Monday, March 18, 2019

S 602 Introduced – Cyber Sanctions

Last month Sen. Gardner (R,CO) introduced S 602, the Cyber Deterrence and Response Act of 2019. The bill would require the President to identify foreign persons or agencies of a foreign state that are ‘critical cyber threats’ and impose sanctions on such persons or agencies. The bill is very similar to S 3378 that was introduced by Gardner during the 115th Congress; no action was taken on that bill.


This new version of the bill makes a large number of relatively minor wording and phrasing changes that would be of interest only to an English teacher. There are, however, two sanction additions found in S 602:

• Allows for the withdrawal, limitation, or suspension of non-humanitarian development assistance from the United States to the foreign state under chapter 1 of part I of the Foreign Assistance Act of 1961 {§3(b)(2)(B)}; and
Allows the President to direct Overseas Private Investment Corporation, the United States International Development Finance Corporation, or any other Federal agency not to provide assistance to a designated critical cyber threat {§3(b)(2)(D)};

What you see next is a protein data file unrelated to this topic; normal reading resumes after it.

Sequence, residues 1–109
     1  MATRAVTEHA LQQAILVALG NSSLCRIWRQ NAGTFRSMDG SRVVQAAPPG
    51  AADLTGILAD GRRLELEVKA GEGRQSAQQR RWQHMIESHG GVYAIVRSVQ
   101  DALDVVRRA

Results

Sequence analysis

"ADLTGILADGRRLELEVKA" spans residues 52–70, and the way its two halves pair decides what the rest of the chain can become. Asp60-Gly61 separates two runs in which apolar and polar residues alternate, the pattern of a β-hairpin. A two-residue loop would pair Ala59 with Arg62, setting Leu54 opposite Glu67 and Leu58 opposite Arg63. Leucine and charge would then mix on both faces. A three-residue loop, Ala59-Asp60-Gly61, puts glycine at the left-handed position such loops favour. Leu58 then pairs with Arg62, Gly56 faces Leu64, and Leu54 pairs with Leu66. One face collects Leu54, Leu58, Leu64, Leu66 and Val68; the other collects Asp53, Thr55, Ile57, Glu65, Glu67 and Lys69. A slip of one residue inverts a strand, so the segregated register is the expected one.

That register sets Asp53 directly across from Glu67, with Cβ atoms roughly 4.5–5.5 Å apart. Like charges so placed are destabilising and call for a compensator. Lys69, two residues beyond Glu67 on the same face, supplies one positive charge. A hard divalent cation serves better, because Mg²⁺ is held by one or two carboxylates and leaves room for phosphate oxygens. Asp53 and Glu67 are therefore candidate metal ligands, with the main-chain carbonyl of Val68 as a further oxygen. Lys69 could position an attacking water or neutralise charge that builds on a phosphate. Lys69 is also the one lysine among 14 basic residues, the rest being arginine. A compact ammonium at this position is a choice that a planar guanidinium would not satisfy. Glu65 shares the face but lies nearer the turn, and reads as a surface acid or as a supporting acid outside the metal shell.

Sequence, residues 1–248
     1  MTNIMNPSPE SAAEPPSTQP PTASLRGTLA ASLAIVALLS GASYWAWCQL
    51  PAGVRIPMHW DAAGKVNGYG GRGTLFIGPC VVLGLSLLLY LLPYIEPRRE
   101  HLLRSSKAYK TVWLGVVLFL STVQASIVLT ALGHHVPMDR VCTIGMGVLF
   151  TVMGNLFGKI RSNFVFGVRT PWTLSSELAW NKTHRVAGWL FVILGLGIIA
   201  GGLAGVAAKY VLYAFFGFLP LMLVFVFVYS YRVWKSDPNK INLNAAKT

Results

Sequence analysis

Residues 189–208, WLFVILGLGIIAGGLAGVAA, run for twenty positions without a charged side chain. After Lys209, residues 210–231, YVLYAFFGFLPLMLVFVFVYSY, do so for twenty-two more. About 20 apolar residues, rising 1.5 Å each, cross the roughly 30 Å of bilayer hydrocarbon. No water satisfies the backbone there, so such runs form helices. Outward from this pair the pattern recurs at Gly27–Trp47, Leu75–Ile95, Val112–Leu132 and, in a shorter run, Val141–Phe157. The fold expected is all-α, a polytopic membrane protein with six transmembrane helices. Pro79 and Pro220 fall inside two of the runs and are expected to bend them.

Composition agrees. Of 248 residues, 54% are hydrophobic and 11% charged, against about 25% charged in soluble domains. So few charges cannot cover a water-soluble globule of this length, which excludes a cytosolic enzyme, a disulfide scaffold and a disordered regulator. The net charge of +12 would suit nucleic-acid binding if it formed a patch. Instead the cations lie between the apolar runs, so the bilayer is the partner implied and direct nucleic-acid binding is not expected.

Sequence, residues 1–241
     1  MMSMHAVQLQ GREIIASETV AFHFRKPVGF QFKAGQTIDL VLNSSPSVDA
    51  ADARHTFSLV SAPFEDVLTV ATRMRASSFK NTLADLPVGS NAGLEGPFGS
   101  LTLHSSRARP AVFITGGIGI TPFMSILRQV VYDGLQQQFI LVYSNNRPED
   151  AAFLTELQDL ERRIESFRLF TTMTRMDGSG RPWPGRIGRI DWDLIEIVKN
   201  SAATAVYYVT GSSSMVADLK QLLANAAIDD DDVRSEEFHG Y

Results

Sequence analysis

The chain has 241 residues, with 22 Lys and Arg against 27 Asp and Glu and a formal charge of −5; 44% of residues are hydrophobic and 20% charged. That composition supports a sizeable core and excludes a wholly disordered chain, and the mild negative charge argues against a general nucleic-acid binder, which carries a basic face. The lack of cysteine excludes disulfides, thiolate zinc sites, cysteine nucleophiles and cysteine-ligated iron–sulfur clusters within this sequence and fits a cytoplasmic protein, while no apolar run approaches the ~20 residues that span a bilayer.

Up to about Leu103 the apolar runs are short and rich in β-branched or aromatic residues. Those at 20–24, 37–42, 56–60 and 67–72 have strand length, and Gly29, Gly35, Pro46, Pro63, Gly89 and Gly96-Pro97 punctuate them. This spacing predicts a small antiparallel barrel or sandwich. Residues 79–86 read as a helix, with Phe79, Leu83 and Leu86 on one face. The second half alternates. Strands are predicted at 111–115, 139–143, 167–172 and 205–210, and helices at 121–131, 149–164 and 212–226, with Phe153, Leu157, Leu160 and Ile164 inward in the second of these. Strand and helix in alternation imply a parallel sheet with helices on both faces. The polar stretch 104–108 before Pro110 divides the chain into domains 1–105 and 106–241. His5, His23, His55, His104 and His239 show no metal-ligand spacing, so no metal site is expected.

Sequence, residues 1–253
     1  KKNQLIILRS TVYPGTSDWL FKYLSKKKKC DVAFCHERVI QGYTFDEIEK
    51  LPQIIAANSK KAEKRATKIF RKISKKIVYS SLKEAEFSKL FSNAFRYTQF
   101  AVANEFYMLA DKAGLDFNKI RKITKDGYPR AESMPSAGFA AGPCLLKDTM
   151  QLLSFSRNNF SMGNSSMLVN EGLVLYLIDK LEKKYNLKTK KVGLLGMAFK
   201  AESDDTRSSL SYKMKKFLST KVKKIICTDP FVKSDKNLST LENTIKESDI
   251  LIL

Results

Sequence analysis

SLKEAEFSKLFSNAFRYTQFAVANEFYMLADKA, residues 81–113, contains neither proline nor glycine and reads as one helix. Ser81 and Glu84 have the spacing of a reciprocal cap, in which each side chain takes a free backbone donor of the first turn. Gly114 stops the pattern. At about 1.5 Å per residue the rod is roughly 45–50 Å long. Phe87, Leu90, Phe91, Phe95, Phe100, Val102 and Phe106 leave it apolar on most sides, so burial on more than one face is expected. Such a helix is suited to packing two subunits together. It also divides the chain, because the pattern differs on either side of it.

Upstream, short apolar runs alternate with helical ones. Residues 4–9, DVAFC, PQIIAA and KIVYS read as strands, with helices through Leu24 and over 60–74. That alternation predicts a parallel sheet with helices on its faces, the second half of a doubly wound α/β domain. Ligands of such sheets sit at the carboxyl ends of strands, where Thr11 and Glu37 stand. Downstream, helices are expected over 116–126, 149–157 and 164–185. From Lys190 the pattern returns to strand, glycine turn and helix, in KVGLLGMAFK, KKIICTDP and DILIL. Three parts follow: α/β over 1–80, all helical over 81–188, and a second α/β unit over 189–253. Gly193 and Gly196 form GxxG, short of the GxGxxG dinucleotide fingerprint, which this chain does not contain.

Additionally, there are two procedural measures added in the latest version of the proposed bill:

• Instead of publishing a notice in the Federal Register listing the designation of a critical cyber threat, S 602 requires a report to Congress {§3(a)(2)}; and
• Spells out actions that President should take to coordinate sanctions with allies and partners of the United States {§3(g)(2)}.

Moving Forward

Both Gardner and his cosponsor {Sen. Coons (D,DE)} are influential members of the Senate Foreign Affairs Committee, the Committee to which this bill was assigned for consideration. One would normally expect that this would mean that the bill could be expected to be considered in Committee. Last session, S 3378 did not see the light of day after introduction. This may mean that the bill will face a similar fate in this session.


The most critical definition in this bill is for the term ‘state-sponsored cyber-activities’ since this is the key to determining whether a person or agency should be designated ‘a critical cyber threat’. Unfortunately, that term ‘state-sponsored cyber-activities’ is essentially defined as a cyber-activity that is state-sponsored. No attempt was made to establish a definition of ‘cyber-activity’.

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